Disinvestment of minority shares in Central Public Sector Enterprises (CPSEs) has become an important source of raising resource for the Government. The policy of ‘disinvestment’ in CPSEs has evolved over the years. Disinvestment of government equity in CPSEs began in 1991-92 following the Industrial Policy Statement of 1991, which stated that the Government would divest part of its holdings (minority share-holding) in select CPSEs.
Current Policy on Disinvestment
The current Government policy on disinvestment envisages people’s ownership of CPSEs while ensuring that the Government equity does not fall below 51% and Government retains management control. Keeping this objective in view of disinvestment policy, the Government has adopted the following approach to disinvestment:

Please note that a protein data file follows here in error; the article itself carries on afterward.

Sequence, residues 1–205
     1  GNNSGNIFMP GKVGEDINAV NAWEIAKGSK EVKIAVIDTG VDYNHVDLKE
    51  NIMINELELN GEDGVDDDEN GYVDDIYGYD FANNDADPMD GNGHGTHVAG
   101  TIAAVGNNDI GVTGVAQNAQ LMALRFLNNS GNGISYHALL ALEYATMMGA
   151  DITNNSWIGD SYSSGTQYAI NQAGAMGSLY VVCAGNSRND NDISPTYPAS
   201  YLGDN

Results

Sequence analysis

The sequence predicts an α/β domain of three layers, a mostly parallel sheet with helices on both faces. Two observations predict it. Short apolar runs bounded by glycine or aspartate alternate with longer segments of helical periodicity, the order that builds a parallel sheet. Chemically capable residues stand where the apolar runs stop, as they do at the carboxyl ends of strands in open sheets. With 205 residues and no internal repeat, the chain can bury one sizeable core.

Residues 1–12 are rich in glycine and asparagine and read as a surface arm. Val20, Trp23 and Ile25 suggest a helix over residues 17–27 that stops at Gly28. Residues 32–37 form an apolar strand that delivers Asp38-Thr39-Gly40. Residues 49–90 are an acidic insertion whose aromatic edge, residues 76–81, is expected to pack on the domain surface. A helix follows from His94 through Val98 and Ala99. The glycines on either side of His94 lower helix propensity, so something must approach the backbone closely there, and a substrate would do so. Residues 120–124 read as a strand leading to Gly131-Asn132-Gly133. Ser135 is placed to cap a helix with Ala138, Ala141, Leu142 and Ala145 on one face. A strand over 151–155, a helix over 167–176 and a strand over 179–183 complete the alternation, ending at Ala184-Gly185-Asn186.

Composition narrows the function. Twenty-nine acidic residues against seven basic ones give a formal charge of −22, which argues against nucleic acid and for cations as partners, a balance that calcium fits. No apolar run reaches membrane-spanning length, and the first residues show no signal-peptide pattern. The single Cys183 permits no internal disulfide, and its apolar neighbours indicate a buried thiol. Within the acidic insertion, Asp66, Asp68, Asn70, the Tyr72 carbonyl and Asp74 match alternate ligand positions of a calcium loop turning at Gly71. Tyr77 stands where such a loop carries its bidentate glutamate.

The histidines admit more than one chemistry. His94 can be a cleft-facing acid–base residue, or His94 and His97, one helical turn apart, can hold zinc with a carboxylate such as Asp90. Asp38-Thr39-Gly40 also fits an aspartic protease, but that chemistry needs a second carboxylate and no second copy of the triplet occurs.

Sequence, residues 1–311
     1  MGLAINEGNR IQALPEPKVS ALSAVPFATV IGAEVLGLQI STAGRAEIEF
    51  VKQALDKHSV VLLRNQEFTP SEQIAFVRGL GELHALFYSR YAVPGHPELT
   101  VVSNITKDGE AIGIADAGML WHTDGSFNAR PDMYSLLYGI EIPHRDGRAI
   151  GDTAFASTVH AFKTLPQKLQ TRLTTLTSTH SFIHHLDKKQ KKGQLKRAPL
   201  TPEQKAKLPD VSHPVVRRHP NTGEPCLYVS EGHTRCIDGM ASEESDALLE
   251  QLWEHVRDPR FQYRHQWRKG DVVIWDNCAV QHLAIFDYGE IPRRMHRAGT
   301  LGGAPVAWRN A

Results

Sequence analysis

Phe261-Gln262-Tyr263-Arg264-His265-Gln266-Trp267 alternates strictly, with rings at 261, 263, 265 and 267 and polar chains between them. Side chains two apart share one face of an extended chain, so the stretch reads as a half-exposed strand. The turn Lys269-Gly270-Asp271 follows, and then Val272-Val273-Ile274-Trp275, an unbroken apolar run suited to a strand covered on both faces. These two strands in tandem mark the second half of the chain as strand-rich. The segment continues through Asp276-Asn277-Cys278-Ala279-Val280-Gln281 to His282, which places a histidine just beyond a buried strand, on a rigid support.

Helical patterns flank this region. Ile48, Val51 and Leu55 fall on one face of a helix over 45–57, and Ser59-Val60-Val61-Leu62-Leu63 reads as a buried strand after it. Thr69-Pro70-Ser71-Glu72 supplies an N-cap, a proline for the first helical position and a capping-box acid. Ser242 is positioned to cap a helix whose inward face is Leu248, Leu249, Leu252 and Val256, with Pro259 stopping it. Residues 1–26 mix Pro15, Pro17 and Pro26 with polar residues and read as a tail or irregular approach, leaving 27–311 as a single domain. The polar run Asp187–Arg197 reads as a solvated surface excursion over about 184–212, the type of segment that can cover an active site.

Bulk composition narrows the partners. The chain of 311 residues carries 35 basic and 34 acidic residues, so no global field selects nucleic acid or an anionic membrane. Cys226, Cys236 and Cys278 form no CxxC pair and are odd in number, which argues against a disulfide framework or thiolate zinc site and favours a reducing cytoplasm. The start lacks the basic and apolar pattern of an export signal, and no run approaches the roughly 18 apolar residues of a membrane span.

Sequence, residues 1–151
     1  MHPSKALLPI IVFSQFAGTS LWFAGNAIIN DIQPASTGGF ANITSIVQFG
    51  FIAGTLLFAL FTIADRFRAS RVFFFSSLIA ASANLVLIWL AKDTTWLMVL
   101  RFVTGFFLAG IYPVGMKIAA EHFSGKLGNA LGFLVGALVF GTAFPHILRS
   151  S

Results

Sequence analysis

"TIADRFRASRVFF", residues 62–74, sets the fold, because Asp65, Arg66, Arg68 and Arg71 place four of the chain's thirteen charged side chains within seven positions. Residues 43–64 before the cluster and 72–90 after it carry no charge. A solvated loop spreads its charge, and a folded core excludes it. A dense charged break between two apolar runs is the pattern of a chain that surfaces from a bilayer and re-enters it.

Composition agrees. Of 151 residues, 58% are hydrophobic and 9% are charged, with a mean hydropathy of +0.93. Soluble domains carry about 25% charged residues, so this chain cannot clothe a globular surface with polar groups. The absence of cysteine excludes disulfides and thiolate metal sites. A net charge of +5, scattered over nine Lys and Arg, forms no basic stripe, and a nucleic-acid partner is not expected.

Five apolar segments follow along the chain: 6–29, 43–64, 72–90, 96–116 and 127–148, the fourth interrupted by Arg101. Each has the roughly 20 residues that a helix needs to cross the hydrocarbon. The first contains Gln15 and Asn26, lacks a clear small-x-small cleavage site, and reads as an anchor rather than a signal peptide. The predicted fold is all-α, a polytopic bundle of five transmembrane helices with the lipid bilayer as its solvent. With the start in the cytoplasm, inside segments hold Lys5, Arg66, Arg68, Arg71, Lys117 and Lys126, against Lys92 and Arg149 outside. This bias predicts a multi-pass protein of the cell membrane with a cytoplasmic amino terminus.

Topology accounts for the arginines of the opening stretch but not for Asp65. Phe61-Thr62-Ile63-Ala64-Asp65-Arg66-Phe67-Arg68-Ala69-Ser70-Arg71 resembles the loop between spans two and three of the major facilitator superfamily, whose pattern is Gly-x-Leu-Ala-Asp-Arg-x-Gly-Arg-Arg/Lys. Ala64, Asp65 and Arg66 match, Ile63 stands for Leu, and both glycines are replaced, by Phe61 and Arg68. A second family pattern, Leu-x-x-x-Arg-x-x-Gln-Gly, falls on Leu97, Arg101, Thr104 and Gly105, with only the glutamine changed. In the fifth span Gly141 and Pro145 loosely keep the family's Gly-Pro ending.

Already listed profitable CPSEs (not meeting mandatory shareholding of 10%) are to be made compliant by ‘Offer for Sale’ (OFS) by Government or by the CPSEs through issue of fresh shares or a combination of both.
Unlisted CPSEs with no accumulated losses and having earned net profit in three preceding consecutive years are to be listed.
Follow-on public offers (FPO) would be considered in respect of profitable CPSEs having 10 percent or higher public ownership, taking into consideration the needs for capital investment of CPSE, on a case by case basis and Government could simultaneously or independently offer a portion of its equity shareholding in conjunction.
Since each CPSE has different equity structure; financial strength; fund requirement; sector of operation etc., factors that do not permit a uniform pattern of disinvestment, disinvestment will be considered on merits and on a case-by-case basis.
CPSEs are permitted to use their surplus cash to buy-back their shares; one CPSE may buy the shares of other CPSEs from the Government.